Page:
While I admire Flotsam and Jetsam their longevity amidst the constant turning of the wheel that is metal music, I can't say that I've been excited for or looking towards anything they've put out since When the Storm Comes Down, which in itself was a disappointing followup to the band's magnum opus No Place for Disgrace. Dreams of Death is just another case of the band falling short of its untapped potential, and it's not the phoenix we all hoped would rise from these undying ashes, but hell if it doesn't at least start out with a bang, and it proceeds to outclass My God in just about every department other than its production quality.
The Travis Smith cover art is admittedly trendy, but along with the simplified font of the band's moniker, it lends the album a mature character that had been absent for a great many years. Hell, with the exception of the similarly dressed 2010 effort The Cold (also by Smith), it's the best cover in their whole canon, No Place... included. But what's more, there was a simultaneous sense that Flotsam and Jetsam had fully returned to the hybrid power/thrash which spawned them, and executed a fluid grace in the first few songs here that were easily better than anything the band had put out in 17 years prior. Unfortunately, like the album before it, Dreams of Death treats us with the better material up front, and then sort of fades off into the backdrop with the ensuing songwriting. But this time, at least the first few tracks have a semblance of enduring quality to them.
"Straight to Hell" is one such piece, opening with a straight surge of energy that includes some clinical tremolo riffing that one would never really expect from the Arizonans, and then a lush dual melody sequence flowing alongside the verse. The tune seamlessly shifts between eloquence and power, and while it wasn't perfect thanks to the pretty mundane mid-paced palm muted guitars used to transition the better bits. "Parasychic, Paranoid" is likewise strong, a brief and controlled burst of surgical thrash that seems like a tag-team between late 80s Flotsam and Denmark's Artillery from the same period. Love the little melodies, once again woven through the verse, though they are almost done a disservice by the low volume. Again, they belt out this tremolo riff akin to old school thrash/death metal that takes one by surprise as it lurches into the playful leads, and by this point I had every hope that Dreams of Death was really the album I had been waiting for...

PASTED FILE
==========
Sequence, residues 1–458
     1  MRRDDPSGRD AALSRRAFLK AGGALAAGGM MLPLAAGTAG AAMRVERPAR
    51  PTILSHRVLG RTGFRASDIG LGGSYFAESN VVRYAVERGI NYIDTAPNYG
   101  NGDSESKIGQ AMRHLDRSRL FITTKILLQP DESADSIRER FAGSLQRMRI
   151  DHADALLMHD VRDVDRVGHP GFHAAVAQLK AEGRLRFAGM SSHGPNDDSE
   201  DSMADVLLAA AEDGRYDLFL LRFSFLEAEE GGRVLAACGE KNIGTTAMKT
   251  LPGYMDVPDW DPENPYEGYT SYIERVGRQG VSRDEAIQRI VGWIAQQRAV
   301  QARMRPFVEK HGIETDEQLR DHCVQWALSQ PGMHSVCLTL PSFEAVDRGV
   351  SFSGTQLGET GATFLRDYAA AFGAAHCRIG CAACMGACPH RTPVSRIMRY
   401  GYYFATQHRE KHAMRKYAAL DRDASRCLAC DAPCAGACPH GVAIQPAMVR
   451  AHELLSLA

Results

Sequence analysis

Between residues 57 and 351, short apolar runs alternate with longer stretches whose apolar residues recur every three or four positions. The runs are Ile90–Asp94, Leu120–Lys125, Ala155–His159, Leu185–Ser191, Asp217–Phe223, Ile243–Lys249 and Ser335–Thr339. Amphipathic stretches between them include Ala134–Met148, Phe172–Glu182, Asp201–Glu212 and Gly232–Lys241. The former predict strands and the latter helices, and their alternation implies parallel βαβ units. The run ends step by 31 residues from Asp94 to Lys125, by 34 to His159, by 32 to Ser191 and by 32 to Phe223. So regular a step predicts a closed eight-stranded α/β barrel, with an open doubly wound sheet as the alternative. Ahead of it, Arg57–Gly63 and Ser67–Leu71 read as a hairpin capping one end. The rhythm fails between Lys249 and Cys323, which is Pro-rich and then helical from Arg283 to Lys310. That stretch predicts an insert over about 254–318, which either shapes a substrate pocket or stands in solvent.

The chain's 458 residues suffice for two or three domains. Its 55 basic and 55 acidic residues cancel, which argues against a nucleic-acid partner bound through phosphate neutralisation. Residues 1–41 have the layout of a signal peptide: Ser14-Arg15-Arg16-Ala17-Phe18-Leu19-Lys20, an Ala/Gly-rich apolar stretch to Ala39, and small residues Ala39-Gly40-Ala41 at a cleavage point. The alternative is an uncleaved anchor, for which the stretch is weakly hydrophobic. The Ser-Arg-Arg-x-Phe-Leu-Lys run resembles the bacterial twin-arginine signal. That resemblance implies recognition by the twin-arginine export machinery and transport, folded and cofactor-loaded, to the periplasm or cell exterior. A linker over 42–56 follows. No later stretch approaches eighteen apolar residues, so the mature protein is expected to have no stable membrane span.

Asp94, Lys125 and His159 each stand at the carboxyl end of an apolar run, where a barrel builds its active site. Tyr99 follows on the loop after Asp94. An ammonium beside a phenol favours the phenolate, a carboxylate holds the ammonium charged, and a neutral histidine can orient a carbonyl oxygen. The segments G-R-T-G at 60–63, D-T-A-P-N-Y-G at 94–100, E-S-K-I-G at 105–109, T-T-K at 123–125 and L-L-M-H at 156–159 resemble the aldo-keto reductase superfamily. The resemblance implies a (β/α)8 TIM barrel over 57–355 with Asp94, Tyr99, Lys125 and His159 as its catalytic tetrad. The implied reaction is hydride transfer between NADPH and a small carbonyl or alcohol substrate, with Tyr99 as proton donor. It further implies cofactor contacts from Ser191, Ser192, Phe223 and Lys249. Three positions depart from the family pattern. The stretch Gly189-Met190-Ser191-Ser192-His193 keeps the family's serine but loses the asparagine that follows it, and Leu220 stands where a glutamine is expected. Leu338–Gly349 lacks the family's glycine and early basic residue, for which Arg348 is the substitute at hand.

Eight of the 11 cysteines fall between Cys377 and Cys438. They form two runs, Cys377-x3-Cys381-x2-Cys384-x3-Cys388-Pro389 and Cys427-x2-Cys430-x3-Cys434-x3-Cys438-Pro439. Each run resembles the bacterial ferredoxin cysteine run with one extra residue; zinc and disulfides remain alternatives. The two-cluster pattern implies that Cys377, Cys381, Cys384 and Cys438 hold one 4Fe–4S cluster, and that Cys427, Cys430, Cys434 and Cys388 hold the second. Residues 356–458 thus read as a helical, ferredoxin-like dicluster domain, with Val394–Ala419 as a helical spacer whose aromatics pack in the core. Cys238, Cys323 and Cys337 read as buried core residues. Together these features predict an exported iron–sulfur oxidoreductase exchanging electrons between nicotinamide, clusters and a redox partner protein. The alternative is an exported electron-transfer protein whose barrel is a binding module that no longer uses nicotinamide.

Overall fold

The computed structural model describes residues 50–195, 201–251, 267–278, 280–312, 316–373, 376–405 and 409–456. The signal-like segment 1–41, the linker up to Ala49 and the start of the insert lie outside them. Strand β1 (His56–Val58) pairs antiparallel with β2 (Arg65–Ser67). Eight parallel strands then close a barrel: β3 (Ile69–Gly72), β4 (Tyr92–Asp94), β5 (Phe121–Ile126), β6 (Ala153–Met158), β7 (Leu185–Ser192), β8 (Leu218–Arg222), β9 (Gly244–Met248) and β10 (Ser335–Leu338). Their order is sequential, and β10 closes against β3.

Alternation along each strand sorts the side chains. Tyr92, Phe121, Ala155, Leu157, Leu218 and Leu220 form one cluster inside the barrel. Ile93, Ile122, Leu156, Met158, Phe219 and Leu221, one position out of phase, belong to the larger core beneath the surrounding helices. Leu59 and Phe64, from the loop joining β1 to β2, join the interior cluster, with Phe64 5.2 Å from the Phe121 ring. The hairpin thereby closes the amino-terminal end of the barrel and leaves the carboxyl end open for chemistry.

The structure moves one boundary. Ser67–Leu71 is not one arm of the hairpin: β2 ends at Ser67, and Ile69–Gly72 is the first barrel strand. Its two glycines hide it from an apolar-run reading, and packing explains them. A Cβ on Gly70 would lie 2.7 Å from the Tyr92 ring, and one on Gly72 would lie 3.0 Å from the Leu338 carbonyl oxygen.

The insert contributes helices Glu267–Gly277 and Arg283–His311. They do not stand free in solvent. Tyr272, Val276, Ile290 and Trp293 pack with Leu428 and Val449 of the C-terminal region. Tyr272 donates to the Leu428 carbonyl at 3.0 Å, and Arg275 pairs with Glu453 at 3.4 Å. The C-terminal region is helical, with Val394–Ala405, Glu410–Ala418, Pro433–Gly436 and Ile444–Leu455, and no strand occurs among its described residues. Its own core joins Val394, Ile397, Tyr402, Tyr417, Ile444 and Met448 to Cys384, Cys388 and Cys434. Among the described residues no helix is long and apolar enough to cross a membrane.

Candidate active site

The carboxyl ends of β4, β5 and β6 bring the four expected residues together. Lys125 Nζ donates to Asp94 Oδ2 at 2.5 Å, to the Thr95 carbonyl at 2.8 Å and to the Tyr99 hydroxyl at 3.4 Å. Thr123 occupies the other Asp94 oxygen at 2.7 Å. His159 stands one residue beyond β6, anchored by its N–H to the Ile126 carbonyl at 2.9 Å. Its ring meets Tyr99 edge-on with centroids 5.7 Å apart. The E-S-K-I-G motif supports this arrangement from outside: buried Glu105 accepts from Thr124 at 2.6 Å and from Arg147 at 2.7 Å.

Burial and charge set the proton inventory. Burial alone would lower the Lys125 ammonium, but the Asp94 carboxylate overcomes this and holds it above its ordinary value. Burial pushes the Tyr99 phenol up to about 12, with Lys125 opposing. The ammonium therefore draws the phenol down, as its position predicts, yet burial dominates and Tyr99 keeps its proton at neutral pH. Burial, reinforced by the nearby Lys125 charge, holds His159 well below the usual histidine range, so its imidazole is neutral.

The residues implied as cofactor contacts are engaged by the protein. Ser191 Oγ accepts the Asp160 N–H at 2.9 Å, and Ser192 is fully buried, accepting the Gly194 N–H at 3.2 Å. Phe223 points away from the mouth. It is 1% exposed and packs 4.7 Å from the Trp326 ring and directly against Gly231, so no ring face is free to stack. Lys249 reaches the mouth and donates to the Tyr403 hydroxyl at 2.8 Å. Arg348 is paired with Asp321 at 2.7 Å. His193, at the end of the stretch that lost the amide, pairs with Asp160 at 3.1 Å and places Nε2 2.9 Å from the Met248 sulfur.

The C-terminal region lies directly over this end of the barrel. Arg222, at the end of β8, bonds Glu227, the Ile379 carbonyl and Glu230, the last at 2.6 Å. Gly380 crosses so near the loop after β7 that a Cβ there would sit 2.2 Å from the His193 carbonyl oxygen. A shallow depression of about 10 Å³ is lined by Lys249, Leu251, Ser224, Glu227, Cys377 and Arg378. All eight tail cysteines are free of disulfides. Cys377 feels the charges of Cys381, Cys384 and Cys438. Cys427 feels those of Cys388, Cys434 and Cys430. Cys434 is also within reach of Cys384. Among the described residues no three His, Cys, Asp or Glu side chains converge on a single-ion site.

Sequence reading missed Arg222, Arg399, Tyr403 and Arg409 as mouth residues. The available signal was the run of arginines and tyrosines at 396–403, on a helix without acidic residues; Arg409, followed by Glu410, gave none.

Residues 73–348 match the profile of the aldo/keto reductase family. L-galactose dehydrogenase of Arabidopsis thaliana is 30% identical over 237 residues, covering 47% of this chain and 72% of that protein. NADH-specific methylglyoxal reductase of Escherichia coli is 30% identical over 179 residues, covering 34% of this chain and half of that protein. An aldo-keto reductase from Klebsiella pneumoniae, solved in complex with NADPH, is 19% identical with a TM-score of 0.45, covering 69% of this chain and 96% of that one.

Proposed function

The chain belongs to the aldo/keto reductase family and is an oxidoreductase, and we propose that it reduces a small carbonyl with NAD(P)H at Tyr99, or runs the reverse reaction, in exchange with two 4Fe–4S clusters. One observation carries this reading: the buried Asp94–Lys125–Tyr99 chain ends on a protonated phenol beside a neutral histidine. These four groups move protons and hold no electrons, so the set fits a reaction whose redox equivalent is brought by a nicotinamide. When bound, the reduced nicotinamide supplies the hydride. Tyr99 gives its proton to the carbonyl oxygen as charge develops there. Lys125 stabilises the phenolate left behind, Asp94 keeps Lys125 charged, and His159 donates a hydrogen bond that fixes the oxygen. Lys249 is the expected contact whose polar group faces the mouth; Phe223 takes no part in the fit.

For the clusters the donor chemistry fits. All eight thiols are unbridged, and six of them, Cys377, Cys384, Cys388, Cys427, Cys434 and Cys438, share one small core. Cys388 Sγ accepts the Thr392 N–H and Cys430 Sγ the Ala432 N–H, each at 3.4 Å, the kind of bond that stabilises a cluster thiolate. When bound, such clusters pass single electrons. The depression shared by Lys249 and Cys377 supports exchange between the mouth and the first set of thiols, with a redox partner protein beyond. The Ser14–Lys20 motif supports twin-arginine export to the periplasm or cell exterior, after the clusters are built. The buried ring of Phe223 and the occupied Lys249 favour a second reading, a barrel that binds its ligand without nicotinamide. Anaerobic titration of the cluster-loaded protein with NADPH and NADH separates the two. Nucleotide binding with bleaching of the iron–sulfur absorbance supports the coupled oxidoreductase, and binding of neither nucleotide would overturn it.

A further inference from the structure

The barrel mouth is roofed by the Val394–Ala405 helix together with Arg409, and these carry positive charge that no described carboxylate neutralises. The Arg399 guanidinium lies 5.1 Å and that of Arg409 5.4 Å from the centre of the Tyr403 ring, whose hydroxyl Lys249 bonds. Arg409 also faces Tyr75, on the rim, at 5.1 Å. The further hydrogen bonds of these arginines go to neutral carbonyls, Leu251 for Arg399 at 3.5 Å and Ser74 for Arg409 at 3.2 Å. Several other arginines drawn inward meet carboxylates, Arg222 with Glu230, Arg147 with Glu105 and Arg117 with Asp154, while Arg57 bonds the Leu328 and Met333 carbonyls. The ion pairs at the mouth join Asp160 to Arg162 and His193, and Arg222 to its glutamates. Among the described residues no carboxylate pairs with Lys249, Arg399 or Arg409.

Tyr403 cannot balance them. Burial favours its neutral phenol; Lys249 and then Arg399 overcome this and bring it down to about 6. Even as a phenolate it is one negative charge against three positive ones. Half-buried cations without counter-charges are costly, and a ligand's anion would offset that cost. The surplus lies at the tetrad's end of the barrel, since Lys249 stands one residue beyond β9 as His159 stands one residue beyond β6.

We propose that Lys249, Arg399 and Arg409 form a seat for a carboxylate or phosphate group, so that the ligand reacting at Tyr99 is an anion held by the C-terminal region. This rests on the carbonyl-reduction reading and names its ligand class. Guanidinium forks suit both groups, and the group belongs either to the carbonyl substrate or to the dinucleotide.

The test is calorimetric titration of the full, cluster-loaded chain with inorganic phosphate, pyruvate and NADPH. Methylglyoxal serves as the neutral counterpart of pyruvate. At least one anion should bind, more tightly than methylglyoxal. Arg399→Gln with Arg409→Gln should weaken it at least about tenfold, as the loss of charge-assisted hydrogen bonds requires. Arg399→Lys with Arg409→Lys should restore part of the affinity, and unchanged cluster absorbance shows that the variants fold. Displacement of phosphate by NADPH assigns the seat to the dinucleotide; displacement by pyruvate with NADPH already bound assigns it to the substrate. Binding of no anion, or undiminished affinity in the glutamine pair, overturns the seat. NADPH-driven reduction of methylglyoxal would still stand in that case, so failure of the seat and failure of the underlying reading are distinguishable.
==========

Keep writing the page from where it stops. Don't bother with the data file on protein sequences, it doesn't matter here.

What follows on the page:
Well, it doesn't really hold up, as much as the band tries. Later thrashers like "Childhood Hero" are rooted in banal, mediocre mosh riffing, and there are far too many slow spots on the album like "Bathing in Red" or "Bleed" that continue that wannabe progressive nature of the previous album. Also, the bloated closer "Out of Mind" is an unfortunate contrast of bland thrash guitars and more inspired spikes of melody that in no way fills out its 12 minute bulk with anything hinging on the level of attention holding required for such a feat. I also didn't care for the piece "Nascentes Morimar", an instrumental with generally clean guitars that seems like something Joe Satriani would have included with Flying in a Blue Dream...sans the catchy leads.
Eric A.K. sounds decent, but this is not one of his more memorable performances as most of the vocal lines are entirely throwaway. I also felt that the mix was a bit dry, lacking the depth of its predecessor and perhaps that went a long way to subduing some of the heavier riffs. So, really, Dreams of Death plays out like a massive swan dive, opening with some attitude, charisma and well purposed riffing and then quickly plummeting into more of the same mediocrity they had been releasing for years. The lyrics were still mediocre, though not so sorry as a few of the albums before it, and the riffing quality just not prevalent. Again, we're not talking an awful record by any means, but a sinking ship. A shame, really, but not the first or last for this band.
Verdict: Indifference [5.75/10] (do I see a future or just a memory)